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Brands, Please Don't Do April Fools' Gags

(Image: Getty)

April 1 is coming up, and that means too many brands doing stupid stuff on the internet.

Comedy is hard. It’s an actual skill. But one day a year, every brand’s marketing department suddenly think they’re jokesters. This ends up having predictable results. But while the whole principle of online April Fools used to be dumb and harmless, now it really needs to end.

The concept of the “brand April Fools’ gag” has been going on for decades. Google has been doing it for 20 years. Some of them have been witty! The best Google gags have either played on knowledge of Google’s controversies and weaknesses (like when it claimed Analytics was “going back to only measuring hits”), or have just been joyous little Easter eggs on the web, like when you could play Pac-Man through Google Maps.

We used to do April Fools’ stories, too. They were bad. I don’t understand the 2009 “Netbook Powers Teleportation” joke at all, and I work here. (Tangent: How cute were 2005 websites? I miss our 2005 website.)

Most brands skipped April Fools’ Day in 2020 because of the pandemic. We are still in the pandemic, but that’s not really why April Fools needs to end. It needs to end because the past five years have completely destroyed consensus reality on the internet. You can’t have a good laugh about what is unreal without a general agreement on what is real.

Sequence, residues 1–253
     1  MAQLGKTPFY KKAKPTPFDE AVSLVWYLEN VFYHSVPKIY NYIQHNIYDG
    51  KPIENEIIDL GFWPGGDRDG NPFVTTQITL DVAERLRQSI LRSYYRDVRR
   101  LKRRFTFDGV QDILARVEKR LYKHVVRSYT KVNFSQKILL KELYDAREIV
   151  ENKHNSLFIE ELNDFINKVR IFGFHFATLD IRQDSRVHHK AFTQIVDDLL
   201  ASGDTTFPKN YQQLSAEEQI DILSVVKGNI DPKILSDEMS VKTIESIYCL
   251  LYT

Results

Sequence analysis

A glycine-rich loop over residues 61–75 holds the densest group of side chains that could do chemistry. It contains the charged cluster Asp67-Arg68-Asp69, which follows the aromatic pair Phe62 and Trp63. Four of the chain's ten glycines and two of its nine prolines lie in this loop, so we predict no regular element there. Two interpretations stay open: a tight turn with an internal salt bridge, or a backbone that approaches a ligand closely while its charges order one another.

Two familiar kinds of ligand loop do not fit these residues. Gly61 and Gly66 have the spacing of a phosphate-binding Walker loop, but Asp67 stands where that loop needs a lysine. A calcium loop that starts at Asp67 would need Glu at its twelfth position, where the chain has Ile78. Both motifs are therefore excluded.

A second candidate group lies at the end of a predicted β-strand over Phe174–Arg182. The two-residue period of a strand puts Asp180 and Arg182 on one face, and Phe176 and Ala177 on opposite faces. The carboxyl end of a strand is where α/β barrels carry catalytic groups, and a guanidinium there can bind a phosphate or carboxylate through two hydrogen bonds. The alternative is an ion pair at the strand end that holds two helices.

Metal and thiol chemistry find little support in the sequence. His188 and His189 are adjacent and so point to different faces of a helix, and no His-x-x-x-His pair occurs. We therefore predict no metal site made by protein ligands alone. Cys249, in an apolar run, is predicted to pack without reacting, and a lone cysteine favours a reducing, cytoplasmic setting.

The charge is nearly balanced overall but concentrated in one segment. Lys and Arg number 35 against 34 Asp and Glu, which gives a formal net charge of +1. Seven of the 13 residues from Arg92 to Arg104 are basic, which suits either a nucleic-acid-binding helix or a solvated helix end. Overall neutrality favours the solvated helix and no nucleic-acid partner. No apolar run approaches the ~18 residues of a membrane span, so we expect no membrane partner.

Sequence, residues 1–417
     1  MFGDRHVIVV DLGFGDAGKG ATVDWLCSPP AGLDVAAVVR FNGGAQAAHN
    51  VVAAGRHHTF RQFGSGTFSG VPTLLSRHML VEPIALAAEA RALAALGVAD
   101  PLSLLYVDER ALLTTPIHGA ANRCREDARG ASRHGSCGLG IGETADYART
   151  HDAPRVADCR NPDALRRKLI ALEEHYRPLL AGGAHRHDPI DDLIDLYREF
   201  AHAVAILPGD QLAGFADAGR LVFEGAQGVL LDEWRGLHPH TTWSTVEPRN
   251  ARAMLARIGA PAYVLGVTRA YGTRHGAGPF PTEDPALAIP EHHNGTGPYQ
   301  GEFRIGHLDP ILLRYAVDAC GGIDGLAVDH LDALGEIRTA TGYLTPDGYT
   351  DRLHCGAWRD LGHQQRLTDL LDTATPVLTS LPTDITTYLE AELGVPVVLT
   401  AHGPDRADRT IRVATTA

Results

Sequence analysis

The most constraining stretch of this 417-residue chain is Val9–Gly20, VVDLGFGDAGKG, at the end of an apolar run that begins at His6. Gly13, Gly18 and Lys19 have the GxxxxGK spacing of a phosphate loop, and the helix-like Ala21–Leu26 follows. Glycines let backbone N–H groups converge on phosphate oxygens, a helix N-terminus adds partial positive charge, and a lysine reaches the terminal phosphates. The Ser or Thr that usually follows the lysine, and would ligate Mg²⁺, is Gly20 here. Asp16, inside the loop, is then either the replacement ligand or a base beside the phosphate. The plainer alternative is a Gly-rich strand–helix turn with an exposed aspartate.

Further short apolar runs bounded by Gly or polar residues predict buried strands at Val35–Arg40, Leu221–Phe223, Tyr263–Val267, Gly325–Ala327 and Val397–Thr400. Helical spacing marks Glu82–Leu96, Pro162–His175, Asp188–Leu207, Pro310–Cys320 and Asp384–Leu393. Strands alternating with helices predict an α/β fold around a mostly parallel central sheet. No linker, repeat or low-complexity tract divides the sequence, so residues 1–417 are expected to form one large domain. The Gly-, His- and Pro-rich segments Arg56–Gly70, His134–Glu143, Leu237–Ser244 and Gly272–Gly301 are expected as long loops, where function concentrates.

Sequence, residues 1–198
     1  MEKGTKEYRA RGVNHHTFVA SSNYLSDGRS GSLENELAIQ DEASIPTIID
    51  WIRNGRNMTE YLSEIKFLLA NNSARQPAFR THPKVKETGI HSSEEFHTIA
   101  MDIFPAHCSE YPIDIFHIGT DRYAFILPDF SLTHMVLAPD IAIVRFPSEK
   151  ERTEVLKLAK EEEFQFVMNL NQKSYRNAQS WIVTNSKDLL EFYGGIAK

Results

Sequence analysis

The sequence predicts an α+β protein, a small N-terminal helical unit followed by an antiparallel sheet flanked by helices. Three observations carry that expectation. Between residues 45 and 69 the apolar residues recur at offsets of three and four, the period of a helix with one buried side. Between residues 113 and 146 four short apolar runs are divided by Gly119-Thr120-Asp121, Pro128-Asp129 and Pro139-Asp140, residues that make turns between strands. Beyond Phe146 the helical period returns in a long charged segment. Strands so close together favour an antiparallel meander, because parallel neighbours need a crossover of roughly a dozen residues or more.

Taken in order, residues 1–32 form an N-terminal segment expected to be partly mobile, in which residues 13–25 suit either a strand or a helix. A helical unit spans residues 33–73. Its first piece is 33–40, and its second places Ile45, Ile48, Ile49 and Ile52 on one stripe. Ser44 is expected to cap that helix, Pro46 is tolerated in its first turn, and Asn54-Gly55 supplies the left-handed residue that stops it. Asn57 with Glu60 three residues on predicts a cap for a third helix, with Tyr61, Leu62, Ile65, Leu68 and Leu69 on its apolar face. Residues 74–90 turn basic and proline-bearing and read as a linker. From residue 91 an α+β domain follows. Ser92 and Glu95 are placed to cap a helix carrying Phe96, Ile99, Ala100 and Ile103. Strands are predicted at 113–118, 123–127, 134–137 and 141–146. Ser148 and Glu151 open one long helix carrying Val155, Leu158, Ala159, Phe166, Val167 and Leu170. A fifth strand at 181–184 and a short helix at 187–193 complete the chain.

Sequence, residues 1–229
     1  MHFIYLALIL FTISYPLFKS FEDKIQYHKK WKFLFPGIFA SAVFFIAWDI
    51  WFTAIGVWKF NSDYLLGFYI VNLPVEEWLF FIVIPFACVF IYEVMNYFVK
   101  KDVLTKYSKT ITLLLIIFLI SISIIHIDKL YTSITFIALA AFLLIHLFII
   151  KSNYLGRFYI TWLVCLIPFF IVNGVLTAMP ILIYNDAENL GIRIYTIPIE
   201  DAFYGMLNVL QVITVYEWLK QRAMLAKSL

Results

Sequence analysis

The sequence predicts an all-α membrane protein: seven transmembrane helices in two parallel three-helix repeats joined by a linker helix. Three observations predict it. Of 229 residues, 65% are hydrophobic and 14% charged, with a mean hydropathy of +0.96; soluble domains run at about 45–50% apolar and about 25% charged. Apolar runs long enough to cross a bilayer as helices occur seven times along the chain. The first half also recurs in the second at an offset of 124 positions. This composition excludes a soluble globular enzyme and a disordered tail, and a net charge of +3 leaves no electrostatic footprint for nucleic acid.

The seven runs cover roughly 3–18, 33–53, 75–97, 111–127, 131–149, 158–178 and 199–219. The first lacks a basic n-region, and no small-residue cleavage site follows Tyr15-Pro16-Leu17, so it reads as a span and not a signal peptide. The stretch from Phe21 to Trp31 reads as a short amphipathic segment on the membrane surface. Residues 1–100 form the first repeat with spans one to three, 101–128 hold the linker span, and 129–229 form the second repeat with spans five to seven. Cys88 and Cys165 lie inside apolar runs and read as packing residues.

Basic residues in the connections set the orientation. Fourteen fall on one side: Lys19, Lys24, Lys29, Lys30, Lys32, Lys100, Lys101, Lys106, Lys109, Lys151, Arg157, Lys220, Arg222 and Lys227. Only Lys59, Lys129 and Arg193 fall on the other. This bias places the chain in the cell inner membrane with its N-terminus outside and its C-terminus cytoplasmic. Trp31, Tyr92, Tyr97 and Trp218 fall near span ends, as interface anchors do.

I do remember enjoying April Fools’ gags. That was back before Facebook, YouTube, and other algorithmic platforms started pushing misinformation quite so heavily at us, and it was before the Macedonian troll farms poured out such a massive quantity of nonsense. April Fools’ jokes shined more as gems of falsehood on landscapes of truth, back when we had less of an embarrassment of riches in terms of real-appearing fake articles.

It’s hard to remember now, but the proliferation of “fake news” that seemed real on the internet, and the use of “fake news” as a political sword and shield, only goes back to 2016 or so. While the idea of politics existing outside a “reality-based community” was coined in 2004, the idea that much of the general big-brand and news content on the web is fake has only really entered the mainstream discourse over the past five years, heavily promoted by former President Trump.

It doesn’t help that most brand April Fools’ Day jokes, unlike Google’s, are bad and stupid. Volkswagen just got in trouble for a prank that said it was changing its name to “Voltswagen” as a publicity stunt for its electric cars, echoing the really dumb “International House of Breakfast” IHOP marketing campaign from mid-2018. Given that Volkswagen is also well-known for lying about things, and the fact that the “news” was released three days before April 1, its prank went over about as well as a purposefully disabled catalytic converter.

April Fools relies on most things being true. You see an April Fools’ gag, you believe it, you are momentarily disappointed or annoyed when you realize it was a gag, but it doesn’t hurt that much because on the 364 other days a year, most things are true.

That’s not the case on the internet anymore. Let’s leave the satire to the satirists and the comedy to the comedians. When you have fake news 365 days a year, April Fools is just amateur hour.

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